Push me a grape.

A grape is repelled by both the north and south poles of a strong rare-earth magnet. The grape is repelled because it contains water, which is diamagnetic. Diamagnetic materials are repelled by magnetic poles.

Two large grapes

Drinking straw

Film canister with lid

Push pin

Small knife or razor blade

Neodymium magnet

Insert the push pin through the underside of the film canister lid and put the lid on the canister so that the point of the pin is sticking out.

Find the center of the drinking straw and use the knife to cut a small hole, approximately 0.5 cm x 1 cm. (You can also use the hot tip of a soldering gun to melt a hole.)

Push one grape onto each end of the straw. Balance the straw with the grapes on the point of the push pin; the point of the pin goes through the small hole on the straw.

side view

Bring one pole of the magnet near the grape. Do not touch the grape with the magnet.

The grape will be repelled by the magnet and begin to move slowly away from the magnet.

Pull the magnet away and let the grape stop its motion.

Turn the magnet over and bring the other pole near the grape. The grape will also be repelled by the other pole; the grape is repelled by both poles of the magnet.


Ferromagnetic materials, such as iron, are strongly attracted to both poles of a magnet.

Paramagnetic materials, such as aluminum, are weakly attracted to both poles of a magnet.

Diamagnetic materials, however, are repelled by both poles of a magnet. The diamagnetic force of repulsion is very weak (a hundred thousand times weaker than the ferromagnetic force of attraction). Water, the main component of grapes, is diamagnetic.

When an electric charge moves, a magnetic field is created. Every electron is therefore a very tiny magnet, because electrons carry charge and they spin. Additionally, the motion of an orbital electron is an electric current, with an accompanying magnetic field.

In atoms of iron, cobalt, and nickel, electrons in one atom will align with electrons in neighboring atoms, making regions called domains, with very strong magnetization. These materials are ferromagnetic, and are strongly attracted to magnetic poles.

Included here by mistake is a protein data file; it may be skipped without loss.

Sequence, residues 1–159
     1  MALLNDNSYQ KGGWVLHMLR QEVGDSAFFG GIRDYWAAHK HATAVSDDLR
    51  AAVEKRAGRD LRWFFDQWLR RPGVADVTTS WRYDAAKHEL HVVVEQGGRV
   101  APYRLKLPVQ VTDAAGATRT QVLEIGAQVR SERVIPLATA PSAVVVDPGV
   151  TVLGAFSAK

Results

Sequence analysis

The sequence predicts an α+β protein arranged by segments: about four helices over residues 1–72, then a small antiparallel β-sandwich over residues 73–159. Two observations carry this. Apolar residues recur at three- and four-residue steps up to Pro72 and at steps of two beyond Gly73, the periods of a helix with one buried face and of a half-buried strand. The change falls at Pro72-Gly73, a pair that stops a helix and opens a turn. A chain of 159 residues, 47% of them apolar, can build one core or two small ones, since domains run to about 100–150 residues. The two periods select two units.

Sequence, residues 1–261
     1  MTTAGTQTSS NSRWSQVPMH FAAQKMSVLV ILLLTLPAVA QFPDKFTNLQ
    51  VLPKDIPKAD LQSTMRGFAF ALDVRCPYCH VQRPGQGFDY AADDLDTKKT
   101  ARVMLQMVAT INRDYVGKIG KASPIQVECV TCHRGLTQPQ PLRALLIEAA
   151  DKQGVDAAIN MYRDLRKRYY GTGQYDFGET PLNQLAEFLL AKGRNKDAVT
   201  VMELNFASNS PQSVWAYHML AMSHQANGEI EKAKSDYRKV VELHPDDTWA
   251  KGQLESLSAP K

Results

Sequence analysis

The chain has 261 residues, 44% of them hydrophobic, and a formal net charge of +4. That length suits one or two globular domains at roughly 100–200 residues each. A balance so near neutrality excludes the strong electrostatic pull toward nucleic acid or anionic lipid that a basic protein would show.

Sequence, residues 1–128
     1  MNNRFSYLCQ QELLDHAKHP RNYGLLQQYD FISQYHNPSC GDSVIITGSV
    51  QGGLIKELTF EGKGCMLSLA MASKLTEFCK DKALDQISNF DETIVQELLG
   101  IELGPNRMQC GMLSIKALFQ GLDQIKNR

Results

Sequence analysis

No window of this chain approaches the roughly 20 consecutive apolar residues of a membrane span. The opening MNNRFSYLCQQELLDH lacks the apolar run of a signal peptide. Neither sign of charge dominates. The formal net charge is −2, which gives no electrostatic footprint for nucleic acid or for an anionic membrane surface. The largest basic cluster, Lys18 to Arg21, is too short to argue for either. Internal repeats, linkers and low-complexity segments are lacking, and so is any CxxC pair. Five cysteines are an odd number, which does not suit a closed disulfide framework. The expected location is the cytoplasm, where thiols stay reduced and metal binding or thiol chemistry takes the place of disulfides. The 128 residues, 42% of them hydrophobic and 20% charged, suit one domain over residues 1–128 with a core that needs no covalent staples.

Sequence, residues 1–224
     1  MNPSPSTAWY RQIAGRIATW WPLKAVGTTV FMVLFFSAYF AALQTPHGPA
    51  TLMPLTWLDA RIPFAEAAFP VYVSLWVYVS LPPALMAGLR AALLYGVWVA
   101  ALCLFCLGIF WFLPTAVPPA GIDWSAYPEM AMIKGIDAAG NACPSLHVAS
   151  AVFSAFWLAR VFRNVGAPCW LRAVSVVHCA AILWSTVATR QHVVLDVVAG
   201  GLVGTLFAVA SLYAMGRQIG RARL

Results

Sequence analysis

Atoms and molecules that have single, unpaired electrons are paramagnetic. Electrons in these materials orient in a magnetic field so that they will be weakly attracted to magnetic poles. Hydrogen, lithium, and liquid oxygen are examples of paramagnetic substances.

Atoms and molecules in which all of the electrons are paired with electrons of opposite spin, and in which the orbital currents are zero, are diamagnetic. Helium, bismuth, and water are examples of diamagnetic substances.

If a magnet is brought toward a diamagnetic material, it will generate orbital electric currents in the atoms and molecules of the material. The magnetic fields associated with these orbital currents will be oriented such that they repelled by the approaching magnet.

This behavior is predicted by a law of physics known as Lenz's Law. This law states that when a current is induced by a change in magnetic field (the orbital currents in the grape created by the magnet approaching the grape), the magnetic field produced by the induced current will oppose the change.

Try fruits other than grapes; a fruit such as watermelon, which has a high water content, works well. Cut the fruit into grape-sized chunks.

Paul Doherty




©1997 The Exploratorium 3601 Lyon Street San Francisco, CA 94123